Experts Say Facebook, Zynga Have Defense To 'Scam' Ads Lawsuit
A California resident has sued gaming developer Zynga and social networking site Facebook for allegedly profiting from "highly misleading" ads placed within games. But some legal experts say that the case might not get very far because federal law immunizes Web companies from liability for material they didn't create.
The potential class-action lawsuit, filed last week in federal court in the northern district of California, alleges that ads in Zynga games tricked users by purporting to offer them "free" trial subscriptions, but then preventing people from canceling or obtaining refunds.
"Most, if not all, of the online advertisements presented through Zynga are scams," the lawsuit alleges. "The advertisements are highly misleading and often result in users subscribing to goods or services that they do not want or need."
Zynga recently drew scrutiny for allegedly displaying questionable ads in its games after TechCrunch posted a series of articles about the company. Zynga offers games like "Mafia Wars," "Vampires" and "YoVille" as free apps on Facebook and other sites.
Earlier this month, TechCrunch posted a video of Zynga CEO Mark Pincus admitting that he "did every horrible thing in the book" to grow revenues. "I mean, we gave our users poker chips if they downloaded this zwinky toolbar, which was like -- I don't know, I downloaded it once and couldn't get rid of it," he said at a presentation this spring.
The consumer who is suing, Santa Cruz resident Rebecca Swift, alleges that she lost about $200 as a result of misleading ads. She says that in June, while playing Zynga's YoVille, she allegedly signed up for a "risk-free" trial of monthly shipments of a green tea supplement in order to earn YoCash -- virtual currency used in the game.
While the ads said that consumers could cancel within 15 days, Swift alleges that the company refused to honor her request to cancel, ultimately resulting in $165 in charges to her debit card. On another occasion this year, she responded to an ad for YoCash by entering her cell phone number, which allegedly resulted in her being billed for about $30 without her consent.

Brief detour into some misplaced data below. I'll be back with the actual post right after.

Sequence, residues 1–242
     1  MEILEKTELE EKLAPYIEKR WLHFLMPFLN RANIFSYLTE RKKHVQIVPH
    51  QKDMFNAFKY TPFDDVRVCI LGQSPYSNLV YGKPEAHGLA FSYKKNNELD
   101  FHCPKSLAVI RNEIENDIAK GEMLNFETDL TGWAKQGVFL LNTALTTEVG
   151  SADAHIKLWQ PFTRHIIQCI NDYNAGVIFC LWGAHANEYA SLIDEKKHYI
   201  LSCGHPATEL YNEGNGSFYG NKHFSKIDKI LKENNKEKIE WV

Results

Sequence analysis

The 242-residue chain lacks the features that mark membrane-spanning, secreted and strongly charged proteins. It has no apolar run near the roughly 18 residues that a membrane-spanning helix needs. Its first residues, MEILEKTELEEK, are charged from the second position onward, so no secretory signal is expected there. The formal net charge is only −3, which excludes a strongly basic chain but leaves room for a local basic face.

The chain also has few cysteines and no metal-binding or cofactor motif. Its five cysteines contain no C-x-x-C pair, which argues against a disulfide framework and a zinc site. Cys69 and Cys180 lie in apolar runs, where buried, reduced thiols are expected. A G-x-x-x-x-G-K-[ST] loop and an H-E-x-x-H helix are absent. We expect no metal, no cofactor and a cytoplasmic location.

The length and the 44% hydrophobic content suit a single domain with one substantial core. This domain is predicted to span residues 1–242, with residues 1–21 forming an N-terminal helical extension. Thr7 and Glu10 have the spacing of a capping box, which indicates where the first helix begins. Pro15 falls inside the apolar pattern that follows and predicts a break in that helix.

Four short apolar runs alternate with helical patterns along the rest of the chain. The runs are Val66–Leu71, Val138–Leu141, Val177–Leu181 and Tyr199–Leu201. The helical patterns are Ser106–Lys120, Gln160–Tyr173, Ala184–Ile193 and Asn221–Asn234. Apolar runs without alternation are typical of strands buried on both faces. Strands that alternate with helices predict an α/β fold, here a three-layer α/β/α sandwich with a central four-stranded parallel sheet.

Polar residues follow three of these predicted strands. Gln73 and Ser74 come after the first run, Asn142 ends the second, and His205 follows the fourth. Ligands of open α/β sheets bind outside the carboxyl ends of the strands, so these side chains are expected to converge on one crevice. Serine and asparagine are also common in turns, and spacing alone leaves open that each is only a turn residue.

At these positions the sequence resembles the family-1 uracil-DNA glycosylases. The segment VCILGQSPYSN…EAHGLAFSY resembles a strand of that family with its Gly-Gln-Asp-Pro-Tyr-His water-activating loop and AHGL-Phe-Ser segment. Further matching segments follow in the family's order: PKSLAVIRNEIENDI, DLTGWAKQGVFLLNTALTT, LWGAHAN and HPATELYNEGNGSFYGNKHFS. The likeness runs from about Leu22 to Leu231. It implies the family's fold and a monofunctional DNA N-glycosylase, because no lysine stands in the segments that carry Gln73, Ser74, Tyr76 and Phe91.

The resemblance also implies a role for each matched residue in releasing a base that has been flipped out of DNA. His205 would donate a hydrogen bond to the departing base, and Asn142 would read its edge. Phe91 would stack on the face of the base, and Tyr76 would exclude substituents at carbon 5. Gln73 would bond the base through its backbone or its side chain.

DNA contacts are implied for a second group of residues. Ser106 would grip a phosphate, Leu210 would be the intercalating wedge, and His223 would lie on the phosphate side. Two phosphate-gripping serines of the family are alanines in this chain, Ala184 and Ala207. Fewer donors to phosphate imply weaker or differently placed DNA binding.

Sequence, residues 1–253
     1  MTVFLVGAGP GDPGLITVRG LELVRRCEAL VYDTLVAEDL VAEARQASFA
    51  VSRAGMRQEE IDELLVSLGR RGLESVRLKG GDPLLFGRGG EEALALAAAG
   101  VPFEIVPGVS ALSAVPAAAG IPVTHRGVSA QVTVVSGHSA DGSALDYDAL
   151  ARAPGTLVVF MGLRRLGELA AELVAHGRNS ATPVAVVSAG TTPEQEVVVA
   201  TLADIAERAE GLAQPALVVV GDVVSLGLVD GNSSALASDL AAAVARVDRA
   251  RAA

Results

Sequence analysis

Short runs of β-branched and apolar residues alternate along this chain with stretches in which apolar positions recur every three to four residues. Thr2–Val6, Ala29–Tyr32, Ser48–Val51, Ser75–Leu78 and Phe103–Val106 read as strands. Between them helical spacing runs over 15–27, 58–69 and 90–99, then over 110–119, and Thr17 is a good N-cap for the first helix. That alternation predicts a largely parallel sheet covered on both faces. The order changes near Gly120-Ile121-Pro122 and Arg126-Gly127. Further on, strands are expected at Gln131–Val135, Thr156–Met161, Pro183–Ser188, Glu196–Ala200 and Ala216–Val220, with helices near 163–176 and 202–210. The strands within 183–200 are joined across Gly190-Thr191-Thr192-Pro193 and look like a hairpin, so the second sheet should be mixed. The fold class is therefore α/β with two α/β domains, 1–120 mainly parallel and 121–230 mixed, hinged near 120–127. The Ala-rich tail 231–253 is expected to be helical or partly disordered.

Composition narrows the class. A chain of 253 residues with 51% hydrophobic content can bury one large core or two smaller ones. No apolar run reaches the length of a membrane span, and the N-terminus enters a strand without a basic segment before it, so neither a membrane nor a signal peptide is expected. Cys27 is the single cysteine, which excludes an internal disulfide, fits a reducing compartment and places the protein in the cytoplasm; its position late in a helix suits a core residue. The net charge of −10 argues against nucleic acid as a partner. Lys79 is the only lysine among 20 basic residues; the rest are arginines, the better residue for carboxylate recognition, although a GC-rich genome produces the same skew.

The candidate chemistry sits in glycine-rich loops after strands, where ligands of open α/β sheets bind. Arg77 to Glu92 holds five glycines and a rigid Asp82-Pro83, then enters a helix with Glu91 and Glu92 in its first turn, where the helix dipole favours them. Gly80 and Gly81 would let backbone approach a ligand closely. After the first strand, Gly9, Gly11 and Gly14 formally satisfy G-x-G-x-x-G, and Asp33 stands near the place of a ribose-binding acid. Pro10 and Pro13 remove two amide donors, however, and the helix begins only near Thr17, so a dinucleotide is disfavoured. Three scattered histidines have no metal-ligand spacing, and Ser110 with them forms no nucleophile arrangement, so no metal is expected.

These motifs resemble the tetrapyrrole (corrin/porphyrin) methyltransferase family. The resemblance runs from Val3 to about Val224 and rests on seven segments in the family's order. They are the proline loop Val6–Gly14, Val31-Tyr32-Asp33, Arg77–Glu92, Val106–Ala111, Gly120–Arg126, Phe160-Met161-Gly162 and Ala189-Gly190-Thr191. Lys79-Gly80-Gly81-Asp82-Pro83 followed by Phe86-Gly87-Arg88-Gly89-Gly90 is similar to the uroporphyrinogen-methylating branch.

But despite the public relations problem posed by the allegations, and the Pincus video, legal experts say that both Zynga and Facebook appear to have a defense because neither company is alleged to have created the ads.
The federal Communications Decency Act says that interactive services providers like Facebook and Zynga aren't liable when outside parties create or post unlawful content. Courts have said that principle holds true even when Web companies profit from the unlawful material.
"It strikes me as a clean kill for both Facebook and Zynga," says Rebecca Tushnet, a law professor at Georgetown and expert in legal matters related to false advertising. But, she says, the situation would be different if Facebook or Zynga themselves made untrue representations to consumers.
David Johnson, a digital media law expert, adds that "merely getting fees from a third party that publishes illegal or harmful material" doesn't destroy a company's immunity.
Eric Goldman, director of the High Tech Law Institute at Santa Clara, agrees that Facebook has an obvious defense under the federal statute. He adds that Zynga also can argue that it's immune from liability -- provided that it was just publishing other companies' ads and not also making its own statements about the advertisers.
Last year a federal district court judge in San Jose dismissed a lawsuit against Google for allegedly displaying fraudulent ringtone ads. The judge ruled that the Communications Decency Act immunized Google from liability, even though the ads were created through the AdWords platform.
Zynga declined to comment on the lawsuit. But earlier this month, the company said it would stop running ads from companies that offered virtual goods to people who agreed to try "free" trial subscriptions.
Facebook said in a statement that it does not see any merit in the lawsuit and will fight it vigorously. "The ads in question appeared in third-party applications, were not from Facebook, and provided no benefit to Facebook," the company stated. Facebook also said it takes action against ad networks and developers who violate the company's principles and policies. In recent months, Facebook has banned four ad networks from the service.